The extraordinary events that helped fuel the North London derby

To most football fans the origins of the North London derby are quite familiar. Arsenal, having been founded south of the river in Woolwich, moved to Islington and into Tottenham’s North London territory. This is of course the root cause of the animosity.  Shortly after the First World War, however, an extraordinary series of events combined to create a catalyst that would continue to be the source of debate amongst the red/white divide for over a century. What is even more intriguing is that it was all started by Liverpool and Manchester United.

Early history between the North London rivals was limited to a handful of league meetings before Arsenal left their Woolwich roots and moved to Highbury Stadium in 1913. The following year football took a back seat in the nation’s consciousness as the First World War broke out. The 1914/15 season had already begun when Britain went to war, so the Football League decided to see it through to its conclusion. As the season progressed, however, it became clear that it needed to be suspended. Attendances dwindled and players were criticised for turning out for their clubs rather than enlisting in the armed forces. As the season drew to an end the Football League ceased operations.

Spurs finished as the bottom club in 1915 with Chelsea joining them as the second team in the relegation positions. Controversy raged, however, as Chelsea finished just one point behind Manchester United. On 2 April (Good Friday) United had defeated Liverpool 2-0 at Old Trafford. It had become apparent that players on both sides had placed bets on a United victory and fixed the result. Investigations during the forthcoming years, while the league was suspended found that it was just the players who were at fault, rather than the clubs, and seven received lifetime bans. Chelsea, however, were left with a strong case for their relegation to be reversed whenever the league resumed.

During the remaining years of the war clubs played in regional leagues with Arsenal, Spurs and Chelsea furthering their on-field rivalries in a London Combination League. The war ended in November 1918 and plans were set in motion for the Football League to return the following year. The Football League’s management were keen to continue its pre-war development in the face of suggestions that the regional leagues could continue. They welcomed suggestions from clubs on how they could progress. Most indicated support for the league to expand and that Chelsea should remain in the First Division.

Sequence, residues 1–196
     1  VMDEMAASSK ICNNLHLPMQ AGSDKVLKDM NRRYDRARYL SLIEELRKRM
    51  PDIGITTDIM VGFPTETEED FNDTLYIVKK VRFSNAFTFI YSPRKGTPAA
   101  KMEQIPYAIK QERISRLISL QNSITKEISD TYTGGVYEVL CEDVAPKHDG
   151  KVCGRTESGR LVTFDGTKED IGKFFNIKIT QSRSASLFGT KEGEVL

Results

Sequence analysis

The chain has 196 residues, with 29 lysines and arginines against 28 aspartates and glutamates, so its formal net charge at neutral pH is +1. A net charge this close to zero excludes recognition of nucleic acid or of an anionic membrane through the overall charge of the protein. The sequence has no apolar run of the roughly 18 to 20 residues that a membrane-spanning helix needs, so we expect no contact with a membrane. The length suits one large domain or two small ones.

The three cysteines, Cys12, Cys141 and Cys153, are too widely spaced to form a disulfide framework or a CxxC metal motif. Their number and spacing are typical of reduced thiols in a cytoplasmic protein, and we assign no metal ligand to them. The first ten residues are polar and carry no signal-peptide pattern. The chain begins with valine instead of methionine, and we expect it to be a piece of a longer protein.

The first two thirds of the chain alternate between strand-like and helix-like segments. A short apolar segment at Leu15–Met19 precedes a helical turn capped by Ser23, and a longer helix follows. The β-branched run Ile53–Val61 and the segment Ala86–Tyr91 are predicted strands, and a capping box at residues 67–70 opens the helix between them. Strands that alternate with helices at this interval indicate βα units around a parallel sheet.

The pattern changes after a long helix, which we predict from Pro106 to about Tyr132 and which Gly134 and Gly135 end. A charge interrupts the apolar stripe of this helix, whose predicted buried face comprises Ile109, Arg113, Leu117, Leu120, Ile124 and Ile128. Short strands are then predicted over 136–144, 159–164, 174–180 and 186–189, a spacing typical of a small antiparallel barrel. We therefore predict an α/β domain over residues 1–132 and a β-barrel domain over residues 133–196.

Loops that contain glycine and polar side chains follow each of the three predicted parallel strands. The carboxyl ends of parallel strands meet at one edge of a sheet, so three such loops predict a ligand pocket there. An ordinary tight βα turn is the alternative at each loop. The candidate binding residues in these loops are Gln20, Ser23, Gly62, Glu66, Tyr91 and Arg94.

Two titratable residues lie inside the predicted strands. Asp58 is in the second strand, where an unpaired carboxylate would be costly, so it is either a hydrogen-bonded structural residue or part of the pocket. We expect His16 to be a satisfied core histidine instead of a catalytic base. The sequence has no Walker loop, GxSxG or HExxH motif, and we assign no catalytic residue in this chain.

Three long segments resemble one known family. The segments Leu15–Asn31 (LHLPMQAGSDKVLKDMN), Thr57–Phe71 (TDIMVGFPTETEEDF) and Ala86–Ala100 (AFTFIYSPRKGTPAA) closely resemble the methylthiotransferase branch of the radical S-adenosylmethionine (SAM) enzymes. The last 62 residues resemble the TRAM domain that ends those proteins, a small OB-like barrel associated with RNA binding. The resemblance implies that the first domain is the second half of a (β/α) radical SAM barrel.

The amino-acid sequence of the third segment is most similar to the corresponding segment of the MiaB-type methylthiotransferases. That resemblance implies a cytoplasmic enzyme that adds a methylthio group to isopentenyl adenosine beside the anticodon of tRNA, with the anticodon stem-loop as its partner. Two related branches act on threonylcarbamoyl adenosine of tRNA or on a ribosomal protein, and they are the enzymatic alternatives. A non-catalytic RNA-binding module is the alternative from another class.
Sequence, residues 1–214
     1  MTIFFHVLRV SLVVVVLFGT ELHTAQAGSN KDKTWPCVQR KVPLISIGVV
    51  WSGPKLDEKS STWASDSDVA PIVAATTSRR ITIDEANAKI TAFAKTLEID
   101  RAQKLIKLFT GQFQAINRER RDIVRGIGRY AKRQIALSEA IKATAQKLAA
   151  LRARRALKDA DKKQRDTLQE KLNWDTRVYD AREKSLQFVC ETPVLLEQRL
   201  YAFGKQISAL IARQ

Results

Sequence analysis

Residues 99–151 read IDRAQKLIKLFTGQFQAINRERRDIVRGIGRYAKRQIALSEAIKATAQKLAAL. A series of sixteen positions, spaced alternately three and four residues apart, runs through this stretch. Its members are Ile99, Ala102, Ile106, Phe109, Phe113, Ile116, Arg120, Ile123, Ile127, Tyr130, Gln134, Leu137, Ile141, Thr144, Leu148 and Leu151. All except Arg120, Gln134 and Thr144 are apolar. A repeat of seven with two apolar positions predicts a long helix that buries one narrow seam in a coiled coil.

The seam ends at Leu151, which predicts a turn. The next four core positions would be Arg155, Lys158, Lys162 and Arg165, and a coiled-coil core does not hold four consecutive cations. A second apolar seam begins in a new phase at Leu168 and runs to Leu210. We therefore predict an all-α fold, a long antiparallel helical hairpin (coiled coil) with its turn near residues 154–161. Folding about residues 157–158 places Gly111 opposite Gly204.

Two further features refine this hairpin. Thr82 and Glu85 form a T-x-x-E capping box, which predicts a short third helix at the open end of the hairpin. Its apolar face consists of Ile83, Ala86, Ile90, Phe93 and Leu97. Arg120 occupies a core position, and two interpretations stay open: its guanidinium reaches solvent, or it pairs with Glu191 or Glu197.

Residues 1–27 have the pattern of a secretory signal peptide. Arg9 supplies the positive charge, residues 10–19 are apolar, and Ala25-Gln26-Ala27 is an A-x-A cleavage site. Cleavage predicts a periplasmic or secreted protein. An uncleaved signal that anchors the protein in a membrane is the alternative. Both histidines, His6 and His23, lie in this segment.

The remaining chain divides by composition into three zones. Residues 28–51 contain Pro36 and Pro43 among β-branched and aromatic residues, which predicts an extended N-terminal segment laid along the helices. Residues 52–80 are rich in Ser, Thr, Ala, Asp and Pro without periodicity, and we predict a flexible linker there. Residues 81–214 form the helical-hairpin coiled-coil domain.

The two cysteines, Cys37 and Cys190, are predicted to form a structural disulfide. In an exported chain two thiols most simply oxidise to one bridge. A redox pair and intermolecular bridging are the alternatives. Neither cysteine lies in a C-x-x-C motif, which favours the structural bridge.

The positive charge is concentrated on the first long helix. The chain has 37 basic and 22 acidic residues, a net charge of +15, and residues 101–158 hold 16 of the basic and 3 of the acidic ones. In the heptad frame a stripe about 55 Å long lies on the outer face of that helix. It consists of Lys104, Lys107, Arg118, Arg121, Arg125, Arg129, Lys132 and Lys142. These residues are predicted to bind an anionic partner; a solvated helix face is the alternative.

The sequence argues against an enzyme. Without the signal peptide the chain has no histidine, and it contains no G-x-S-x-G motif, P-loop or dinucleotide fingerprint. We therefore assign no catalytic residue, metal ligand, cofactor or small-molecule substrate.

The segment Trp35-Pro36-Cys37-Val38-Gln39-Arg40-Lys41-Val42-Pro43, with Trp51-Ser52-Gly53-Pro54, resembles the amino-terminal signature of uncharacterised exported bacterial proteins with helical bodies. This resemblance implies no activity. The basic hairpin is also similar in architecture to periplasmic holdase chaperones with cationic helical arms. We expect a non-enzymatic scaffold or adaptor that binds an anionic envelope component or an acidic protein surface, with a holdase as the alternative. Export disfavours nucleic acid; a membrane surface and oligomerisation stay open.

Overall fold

The most popular suggestion was the expansion of the First Division from 20 to 22 teams. It was widely reported that this would involve an election. This would mean choosing between the teams that finished in the higher positions in the Second Division in 1915. The precedent at the time was that the two bottom clubs (Chelsea and Spurs) would remain in the First Division. The most recent example of this came in 1905 when Bury and Notts County finished in the relegation positions but remained in the Division following its expansion from 18 to 20 teams.

Spurs, Chelsea and the top teams from the Second Division clamoured to get a place in the growing division and several options were put forward. Suggestions included an election for the final places, relegating United for their transgressions and keeping Chelsea in a 21 team division. Finally the Football League decided that Chelsea would remain in the League as they were victims of skulduggery. Preston and Derby, who finished first and second in the second tier, would also earn promotion and the final place would be decided by an election.

Spurs were one of the teams that applied along with Barnsley, Wolves, Birmingham, Arsenal and Hull who had finished in the positions between third and seventh in the Second Division. The chancers at Nottingham Forest, who finished eighteenth in the second tier, also applied. It was Arsenal, who had finished sixth, that were eventually elected into the First Division, forever igniting the tensions between them and their new North London neighbours. Arsenal received 18 votes and Spurs received eight. The remaining 15 votes were shared between Barnsley, Wolves, Nottingham Forest, Birmingham and Hull.

Accusations have raged between rival supporters in the years since the election, particularly over the involvement of Arsenal’s Chairman Henry Norris. Norris was well connected in league circles and many have alleged he may have been involved in underhand deals to help Arsenal’s cause. There is little evidence to support the idea of any secret payments or helping hands, but there are other factors that may have helped Arsenal win support for their election to the First Division.

The Gunners were the first London club to turn professional and the first Southern club to join the Football League when they ascended in 1893. Spurs, on the other hand, didn’t join until 1908. Arsenal clearly garnered a degree of support from their early adoption of professionalism and their decision to leave the Southern League and join the rival Football League. It was noted at the time that in their appeals to the other clubs that would decide the clubs’ fate that ‘Spurs would rely on precedent, while Arsenal rely on service’.

Many seasons have now passed since the election. The rivalry between Arsenal and Spurs is now firmly rooted in local ill-feeling and a long list of dramatic fixtures. The chances are that the North London derby would still be one of the most anticipated fixtures in the Premier League calendar even if the election had never taken place. The example, however, provides clear evidence that this particular rivalry dates back to the early years of the Football League, and it’s definitely one that’ll be debated for years to come.